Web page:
U.K. Data Shouts for Long Pause After First BOE Rate Hike

The Bank of England may be on track for the first rate increase in a decade next month, but economic data doesn’t bode well for an imminent, full-blown tightening cycle.

After U.K. purchasing managers indexes this week that ranged from sluggish to disappointing to downright alarming, a growing number of economists predict that a hike from Governor Mark Carney in November could be a case of one-and-done. While Wednesday’s services number came in above forecasts, the non-headline gauges made for troublesome reading, showing that growth in new business fell to the weakest in more than a year and confidence declined.

That tallies with reports earlier this week showing manufacturing growth was slower-than-expected, and construction actually shrank for the first time in 13 months. Markit itself said that the all-sector level last month would normally be associated with policy loosening rather than tightening. 

Still, according to ING economist James Smith, officials may overlook that as they attempt to reset policy after their emergency stimulus package last year.

“The bank is keen to get out of ‘emergency mode’ as the initial Brexit shock fades, and are also keen to avoid getting completely left behind in the global race to hike rates. But what it does mean is that any tightening thereafter could be fairly limited.”

RBC’s Sam Hill agrees, saying that he remains “cautious about the outlook for the economy with the ongoing loss of momentum in the all-important consumer sector.”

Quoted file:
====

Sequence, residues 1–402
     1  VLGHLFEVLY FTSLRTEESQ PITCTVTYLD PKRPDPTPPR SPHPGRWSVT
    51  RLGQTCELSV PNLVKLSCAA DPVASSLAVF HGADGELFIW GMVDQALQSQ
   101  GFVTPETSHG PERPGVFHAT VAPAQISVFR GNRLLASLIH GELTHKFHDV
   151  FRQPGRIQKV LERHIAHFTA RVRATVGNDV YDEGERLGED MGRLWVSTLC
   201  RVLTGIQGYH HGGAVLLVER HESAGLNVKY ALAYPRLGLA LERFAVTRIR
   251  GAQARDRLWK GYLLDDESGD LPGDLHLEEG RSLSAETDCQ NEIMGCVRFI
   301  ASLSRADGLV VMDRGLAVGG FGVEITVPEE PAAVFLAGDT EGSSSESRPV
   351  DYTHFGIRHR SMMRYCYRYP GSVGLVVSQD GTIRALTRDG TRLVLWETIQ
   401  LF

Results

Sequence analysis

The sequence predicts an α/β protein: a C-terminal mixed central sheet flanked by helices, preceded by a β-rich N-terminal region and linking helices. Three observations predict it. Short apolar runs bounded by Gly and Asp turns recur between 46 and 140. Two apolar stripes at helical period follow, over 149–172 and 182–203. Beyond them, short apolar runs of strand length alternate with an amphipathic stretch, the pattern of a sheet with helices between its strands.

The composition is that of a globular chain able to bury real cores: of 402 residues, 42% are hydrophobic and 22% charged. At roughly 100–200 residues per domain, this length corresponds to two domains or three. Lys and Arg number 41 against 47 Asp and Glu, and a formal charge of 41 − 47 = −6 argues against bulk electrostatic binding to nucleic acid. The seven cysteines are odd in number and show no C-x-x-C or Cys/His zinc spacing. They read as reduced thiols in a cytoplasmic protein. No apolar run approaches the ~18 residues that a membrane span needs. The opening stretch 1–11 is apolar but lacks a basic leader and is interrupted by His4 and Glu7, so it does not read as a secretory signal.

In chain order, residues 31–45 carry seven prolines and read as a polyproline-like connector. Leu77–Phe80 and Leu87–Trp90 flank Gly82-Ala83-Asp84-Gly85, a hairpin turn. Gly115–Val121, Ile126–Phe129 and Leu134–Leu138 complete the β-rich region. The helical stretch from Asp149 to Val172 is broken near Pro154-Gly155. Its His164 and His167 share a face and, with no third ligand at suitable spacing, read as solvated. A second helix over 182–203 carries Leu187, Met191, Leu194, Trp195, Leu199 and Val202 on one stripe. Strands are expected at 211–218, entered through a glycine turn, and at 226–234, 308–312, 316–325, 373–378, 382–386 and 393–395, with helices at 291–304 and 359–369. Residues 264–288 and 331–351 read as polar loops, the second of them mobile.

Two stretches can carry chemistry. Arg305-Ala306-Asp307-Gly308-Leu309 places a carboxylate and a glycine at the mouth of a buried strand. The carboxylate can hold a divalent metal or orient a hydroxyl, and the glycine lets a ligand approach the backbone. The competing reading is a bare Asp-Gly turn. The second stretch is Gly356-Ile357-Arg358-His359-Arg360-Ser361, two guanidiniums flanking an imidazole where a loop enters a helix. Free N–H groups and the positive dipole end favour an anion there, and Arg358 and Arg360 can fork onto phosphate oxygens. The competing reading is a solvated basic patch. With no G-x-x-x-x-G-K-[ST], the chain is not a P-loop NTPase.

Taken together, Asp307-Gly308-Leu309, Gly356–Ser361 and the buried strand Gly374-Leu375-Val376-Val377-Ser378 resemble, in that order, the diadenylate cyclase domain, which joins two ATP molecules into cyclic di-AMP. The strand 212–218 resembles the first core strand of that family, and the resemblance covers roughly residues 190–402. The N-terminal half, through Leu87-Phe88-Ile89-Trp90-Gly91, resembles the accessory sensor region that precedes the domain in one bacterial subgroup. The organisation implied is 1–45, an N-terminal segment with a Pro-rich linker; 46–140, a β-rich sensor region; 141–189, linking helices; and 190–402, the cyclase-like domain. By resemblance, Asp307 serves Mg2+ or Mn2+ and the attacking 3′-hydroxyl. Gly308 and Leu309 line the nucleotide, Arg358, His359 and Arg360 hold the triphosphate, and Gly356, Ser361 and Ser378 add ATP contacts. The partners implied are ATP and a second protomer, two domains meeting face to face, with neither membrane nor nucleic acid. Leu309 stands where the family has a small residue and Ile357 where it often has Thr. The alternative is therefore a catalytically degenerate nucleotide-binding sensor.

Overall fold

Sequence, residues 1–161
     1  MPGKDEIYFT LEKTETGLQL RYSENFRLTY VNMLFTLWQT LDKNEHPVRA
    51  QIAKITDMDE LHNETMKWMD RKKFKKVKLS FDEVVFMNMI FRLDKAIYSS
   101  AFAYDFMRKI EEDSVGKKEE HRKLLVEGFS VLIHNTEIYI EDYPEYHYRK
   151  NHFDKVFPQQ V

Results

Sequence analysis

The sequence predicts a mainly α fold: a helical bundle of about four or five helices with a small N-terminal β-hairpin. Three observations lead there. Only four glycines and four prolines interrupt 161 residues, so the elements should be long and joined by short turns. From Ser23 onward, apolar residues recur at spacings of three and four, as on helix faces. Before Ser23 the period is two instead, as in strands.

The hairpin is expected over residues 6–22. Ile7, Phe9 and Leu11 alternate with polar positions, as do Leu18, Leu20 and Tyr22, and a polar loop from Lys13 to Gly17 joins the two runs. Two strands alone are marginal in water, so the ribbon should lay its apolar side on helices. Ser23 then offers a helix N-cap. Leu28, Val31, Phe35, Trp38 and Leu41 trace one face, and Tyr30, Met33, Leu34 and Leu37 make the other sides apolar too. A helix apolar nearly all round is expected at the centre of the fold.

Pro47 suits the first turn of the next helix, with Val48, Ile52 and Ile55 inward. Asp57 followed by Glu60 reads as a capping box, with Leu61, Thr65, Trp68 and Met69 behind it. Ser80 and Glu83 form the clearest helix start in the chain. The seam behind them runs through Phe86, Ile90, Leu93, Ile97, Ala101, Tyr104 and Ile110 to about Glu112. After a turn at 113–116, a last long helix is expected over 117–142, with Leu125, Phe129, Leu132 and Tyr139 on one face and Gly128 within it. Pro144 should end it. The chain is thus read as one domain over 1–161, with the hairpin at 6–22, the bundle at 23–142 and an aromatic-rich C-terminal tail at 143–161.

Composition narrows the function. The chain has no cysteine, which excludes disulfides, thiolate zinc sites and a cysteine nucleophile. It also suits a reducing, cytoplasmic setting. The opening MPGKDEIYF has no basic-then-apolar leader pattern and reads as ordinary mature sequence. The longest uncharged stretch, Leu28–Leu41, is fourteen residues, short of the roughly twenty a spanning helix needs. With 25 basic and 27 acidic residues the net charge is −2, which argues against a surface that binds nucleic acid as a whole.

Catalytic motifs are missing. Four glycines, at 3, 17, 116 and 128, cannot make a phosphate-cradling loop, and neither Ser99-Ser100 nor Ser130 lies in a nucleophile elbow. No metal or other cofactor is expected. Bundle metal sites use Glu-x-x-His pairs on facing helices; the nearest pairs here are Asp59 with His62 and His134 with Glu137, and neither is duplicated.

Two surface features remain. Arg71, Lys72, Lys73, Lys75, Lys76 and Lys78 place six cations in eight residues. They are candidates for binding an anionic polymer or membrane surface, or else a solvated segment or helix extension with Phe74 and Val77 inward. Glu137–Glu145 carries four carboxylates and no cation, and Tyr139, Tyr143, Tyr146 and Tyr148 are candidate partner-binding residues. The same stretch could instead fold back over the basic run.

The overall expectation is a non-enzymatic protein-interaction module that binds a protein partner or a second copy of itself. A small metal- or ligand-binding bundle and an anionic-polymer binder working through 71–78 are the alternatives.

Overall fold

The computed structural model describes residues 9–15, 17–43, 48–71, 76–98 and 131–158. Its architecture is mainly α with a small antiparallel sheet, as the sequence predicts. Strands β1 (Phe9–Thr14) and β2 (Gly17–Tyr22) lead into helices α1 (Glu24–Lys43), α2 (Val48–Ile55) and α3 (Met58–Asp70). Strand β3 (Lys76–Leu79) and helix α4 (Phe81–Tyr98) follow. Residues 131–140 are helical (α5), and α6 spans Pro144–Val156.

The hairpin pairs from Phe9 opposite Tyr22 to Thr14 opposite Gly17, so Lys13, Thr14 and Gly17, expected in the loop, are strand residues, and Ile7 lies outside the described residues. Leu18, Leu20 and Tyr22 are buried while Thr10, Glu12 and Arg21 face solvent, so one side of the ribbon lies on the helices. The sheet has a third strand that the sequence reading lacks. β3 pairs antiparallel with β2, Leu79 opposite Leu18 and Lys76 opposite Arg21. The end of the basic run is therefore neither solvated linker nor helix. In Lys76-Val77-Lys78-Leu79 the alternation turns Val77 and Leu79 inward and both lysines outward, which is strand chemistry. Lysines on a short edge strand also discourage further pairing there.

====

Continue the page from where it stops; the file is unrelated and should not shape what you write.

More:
Meanwhile, Bloomberg Intelligence economists Dan Hanson and Jamie Murray point out that September’s composite reading of 54.1 is well below the point at which the Monetary Policy Committee has previously hiked, and that conditions in 2018 are unlikely to prompt officials to pursue further increases next year.

“Slower growth is assumed to translate into a wider margin of spare capacity and implies the near-term impact of Brexit represents a shock to demand rather than a shock to supply. If that forecast comes to pass, the committee will be faced with the combination of a weaker labor market, modest pay growth and the downward trend in inflation over the course of next year. Such a mix would be unlikely to prompt the MPC to sanction further rate increases in 2018.”

— With assistance by Fergal O'Brien

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